Ethics of Full Disclosure of Security Holes
Security breaches are making big headlines nowadays, and Microsoft is leading the charge. Its flagship operating systems and office suite are so bulky and complex, that it is impossible to be bug-free. The system administrators (the white hats) are up to their noses plugging all the holes from super hackers (the black hats). Yet they are also facing attack from another front – those that post vulnerabilities on the internet (the gray hats).
The gray hats are hackers that find security vulnerabilities and post them on the internet, forcing system administrators to patch up the holes. Usually, they inform the vendor ahead of time. Then, if they deem the company is not taking them seriously, and malicious hackers will exploit the threat, they post it on a forum. Though acting in good faith, the ethics of full disclosure of security holes are in debate, including: how full disclosure can cause more harm then good, how long vendors should be allowed to fix the problem, and liabilities for posting on the internet.
Issue 1: Full disclosure of security-related information can inflict more damage than good. You are showing people how to break into systems.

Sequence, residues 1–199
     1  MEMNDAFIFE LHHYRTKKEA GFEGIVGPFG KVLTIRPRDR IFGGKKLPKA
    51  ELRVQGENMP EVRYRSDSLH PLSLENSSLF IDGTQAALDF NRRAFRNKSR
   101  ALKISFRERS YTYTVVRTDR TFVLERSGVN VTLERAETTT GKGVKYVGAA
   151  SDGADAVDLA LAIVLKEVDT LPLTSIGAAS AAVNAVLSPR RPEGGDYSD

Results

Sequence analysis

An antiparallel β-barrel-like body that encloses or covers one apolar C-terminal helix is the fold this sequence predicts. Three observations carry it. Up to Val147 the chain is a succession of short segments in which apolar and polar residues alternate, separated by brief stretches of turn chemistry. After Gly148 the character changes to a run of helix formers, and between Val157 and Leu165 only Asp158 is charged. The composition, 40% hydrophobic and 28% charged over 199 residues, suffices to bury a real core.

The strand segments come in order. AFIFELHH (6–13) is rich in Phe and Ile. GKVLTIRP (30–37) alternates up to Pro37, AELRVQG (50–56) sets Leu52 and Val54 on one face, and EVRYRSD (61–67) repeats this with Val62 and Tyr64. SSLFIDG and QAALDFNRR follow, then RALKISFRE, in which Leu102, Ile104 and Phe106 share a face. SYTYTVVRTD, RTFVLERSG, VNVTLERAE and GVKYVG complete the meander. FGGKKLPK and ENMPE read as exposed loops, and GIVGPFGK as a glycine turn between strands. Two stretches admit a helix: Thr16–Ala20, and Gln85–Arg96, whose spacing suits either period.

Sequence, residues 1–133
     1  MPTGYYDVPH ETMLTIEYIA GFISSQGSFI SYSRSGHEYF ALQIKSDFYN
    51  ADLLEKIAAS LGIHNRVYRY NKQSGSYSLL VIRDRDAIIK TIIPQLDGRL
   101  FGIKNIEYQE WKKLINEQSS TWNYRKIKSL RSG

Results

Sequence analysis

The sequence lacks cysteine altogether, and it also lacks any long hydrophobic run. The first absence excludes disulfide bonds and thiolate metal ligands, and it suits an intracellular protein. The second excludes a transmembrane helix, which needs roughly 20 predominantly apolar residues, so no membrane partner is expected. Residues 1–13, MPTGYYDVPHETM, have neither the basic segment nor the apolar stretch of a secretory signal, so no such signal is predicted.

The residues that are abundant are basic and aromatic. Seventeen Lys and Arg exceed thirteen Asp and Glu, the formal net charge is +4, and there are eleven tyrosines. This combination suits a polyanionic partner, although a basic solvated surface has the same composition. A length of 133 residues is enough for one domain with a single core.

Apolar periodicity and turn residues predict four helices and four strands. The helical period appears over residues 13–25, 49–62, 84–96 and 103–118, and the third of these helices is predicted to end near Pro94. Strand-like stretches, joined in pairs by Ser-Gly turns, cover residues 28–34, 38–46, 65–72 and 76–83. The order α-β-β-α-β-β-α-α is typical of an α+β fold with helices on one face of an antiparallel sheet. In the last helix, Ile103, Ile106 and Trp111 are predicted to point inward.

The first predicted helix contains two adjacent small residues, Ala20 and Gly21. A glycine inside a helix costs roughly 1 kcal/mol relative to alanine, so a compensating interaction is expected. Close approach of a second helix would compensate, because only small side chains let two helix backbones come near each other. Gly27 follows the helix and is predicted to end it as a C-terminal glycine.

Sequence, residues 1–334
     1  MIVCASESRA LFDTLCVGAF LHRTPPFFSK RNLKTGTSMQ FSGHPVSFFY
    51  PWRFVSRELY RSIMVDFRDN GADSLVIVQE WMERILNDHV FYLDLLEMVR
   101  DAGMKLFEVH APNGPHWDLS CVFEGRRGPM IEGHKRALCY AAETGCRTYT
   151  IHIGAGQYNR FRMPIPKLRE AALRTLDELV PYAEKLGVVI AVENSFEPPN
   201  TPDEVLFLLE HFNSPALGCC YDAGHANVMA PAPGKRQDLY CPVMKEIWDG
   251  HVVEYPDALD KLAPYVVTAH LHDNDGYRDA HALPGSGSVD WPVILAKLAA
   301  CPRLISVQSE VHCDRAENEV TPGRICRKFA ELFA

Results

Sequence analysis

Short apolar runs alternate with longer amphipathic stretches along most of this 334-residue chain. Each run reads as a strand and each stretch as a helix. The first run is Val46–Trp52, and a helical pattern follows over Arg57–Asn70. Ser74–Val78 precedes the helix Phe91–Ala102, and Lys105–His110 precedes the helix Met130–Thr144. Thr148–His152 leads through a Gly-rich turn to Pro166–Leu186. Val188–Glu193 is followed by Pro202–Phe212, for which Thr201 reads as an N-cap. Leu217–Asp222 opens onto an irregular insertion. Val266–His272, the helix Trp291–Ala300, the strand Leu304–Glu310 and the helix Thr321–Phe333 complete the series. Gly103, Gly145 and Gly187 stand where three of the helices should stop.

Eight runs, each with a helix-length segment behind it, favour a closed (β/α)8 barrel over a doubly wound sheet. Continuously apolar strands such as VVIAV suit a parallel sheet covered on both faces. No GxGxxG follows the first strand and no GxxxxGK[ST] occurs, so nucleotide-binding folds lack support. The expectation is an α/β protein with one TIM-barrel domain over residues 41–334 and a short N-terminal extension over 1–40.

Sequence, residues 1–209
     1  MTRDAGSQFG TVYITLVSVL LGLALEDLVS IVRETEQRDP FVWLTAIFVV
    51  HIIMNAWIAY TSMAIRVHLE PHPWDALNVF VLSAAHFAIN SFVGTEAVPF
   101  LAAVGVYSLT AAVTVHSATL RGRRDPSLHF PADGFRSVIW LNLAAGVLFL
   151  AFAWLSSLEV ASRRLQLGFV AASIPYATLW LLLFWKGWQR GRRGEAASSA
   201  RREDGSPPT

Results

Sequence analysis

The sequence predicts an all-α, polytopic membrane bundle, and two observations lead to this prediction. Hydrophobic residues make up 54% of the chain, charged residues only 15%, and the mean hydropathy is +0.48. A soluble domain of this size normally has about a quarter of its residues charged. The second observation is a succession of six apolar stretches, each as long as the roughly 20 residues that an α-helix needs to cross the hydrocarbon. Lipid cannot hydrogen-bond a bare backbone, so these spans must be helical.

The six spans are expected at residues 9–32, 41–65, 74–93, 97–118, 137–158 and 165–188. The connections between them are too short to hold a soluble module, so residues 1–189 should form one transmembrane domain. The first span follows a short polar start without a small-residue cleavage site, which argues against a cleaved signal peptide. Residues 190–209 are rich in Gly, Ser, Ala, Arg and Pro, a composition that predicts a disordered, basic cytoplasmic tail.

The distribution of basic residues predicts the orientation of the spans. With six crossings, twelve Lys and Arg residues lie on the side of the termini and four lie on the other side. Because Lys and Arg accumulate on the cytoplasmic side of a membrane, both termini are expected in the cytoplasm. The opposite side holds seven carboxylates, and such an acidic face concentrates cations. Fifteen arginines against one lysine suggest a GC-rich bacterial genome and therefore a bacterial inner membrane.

The debate about vulnerability-disclosure policies involves two main parties. Researchers at security companies say they want to get their latest findings out quickly to hasten software makers' response to bugs. Software makers, on the other hand, say they aren't given enough time to deal with a problem, and that publicizing it simply alerts malicious hackers to an opportunity.
There are super hackers out there who find security vulnerabilities, then write a script up on the internet, with one or two lines of code missing (he hasn’t violated anything any laws). Then an amateur comes across it and wants to test it out. He compiles the code and unleashes the virus, and suddenly he is responsible. Scott Culp, manager for Microsoft's security response center, called information posted from some companies and independent security consultants as "information anarchy."
"It's high time the security community stopped providing the blueprints for building these weapons," And it's high time that computer users insisted that the security community live up to its obligation to protect them." 5
Marcus Ranum, CEO of security software vendor Network Flight Recorder Inc., agreed that posting security flaws do not work. Why isn’t the state of security improving then? These “rock throwing” incidents are just for pride, and to attack against large corporations like Microsoft. He says the gray hats are acting irresponsibly, destroying code that works, and is not making valuable contributions for the betterment of society. “The Huns didn't know how to build Rome; they just knew how to sack it," he said. "Just show us that you have useful stuff [instead of] destroying other people's stuff. 1 It would be better if they put their...